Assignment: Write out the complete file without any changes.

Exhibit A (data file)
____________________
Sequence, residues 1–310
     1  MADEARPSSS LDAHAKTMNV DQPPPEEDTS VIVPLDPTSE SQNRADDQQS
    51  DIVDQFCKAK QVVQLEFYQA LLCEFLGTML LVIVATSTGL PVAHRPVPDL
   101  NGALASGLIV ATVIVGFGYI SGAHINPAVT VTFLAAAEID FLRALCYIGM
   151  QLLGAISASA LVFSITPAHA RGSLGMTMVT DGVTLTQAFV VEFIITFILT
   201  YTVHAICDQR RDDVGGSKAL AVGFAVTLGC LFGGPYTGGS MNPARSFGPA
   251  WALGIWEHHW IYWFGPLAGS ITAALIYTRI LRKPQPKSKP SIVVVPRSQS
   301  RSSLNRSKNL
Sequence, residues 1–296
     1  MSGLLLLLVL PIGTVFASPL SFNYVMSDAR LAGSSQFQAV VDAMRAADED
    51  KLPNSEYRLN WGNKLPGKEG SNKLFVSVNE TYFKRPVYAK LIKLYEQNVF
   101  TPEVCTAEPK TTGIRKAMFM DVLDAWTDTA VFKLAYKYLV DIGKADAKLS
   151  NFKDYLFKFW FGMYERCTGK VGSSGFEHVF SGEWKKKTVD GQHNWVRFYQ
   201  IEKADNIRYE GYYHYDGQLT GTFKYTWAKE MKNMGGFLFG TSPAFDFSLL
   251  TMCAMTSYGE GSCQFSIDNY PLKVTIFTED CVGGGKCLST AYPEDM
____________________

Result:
Sequence, residues 1–310
     1  MADEARPSSS LDAHAKTMNV DQPPPEEDTS VIVPLDPTSE SQNRADDQQS
    51  DIVDQFCKAK QVVQLEFYQA LLCEFLGTML LVIVATSTGL PVAHRPVPDL
   101  NGALASGLIV ATVIVGFGYI SGAHINPAVT VTFLAAAEID FLRALCYIGM
   151  QLLGAISASA LVFSITPAHA RGSLGMTMVT DGVTLTQAFV VEFIITFILT
   201  YTVHAICDQR RDDVGGSKAL AVGFAVTLGC LFGGPYTGGS MNPARSFGPA
   251  WALGIWEHHW IYWFGPLAGS ITAALIYTRI LRKPQPKSKP SIVVVPRSQS
   301  RSSLNRSKNL
Sequence, residues 1–296
     1  MSGLLLLLVL PIGTVFASPL SFNYVMSDAR LAGSSQFQAV VDAMRAADED
    51  KLPNSEYRLN WGNKLPGKEG SNKLFVSVNE TYFKRPVYAK LIKLYEQNVF
   101  TPEVCTAEPK TTGIRKAMFM DVLDAWTDTA VFKLAYKYLV DIGKADAKLS
   151  NFKDYLFKFW FGMYERCTGK VGSSGFEHVF SGEWKKKTVD GQHNWVRFYQ
   201  IEKADNIRYE GYYHYDGQLT GTFKYTWAKE MKNMGGFLFG TSPAFDFSLL
   251  TMCAMTSYGE GSCQFSIDNY PLKVTIFTED CVGGGKCLST AYPEDM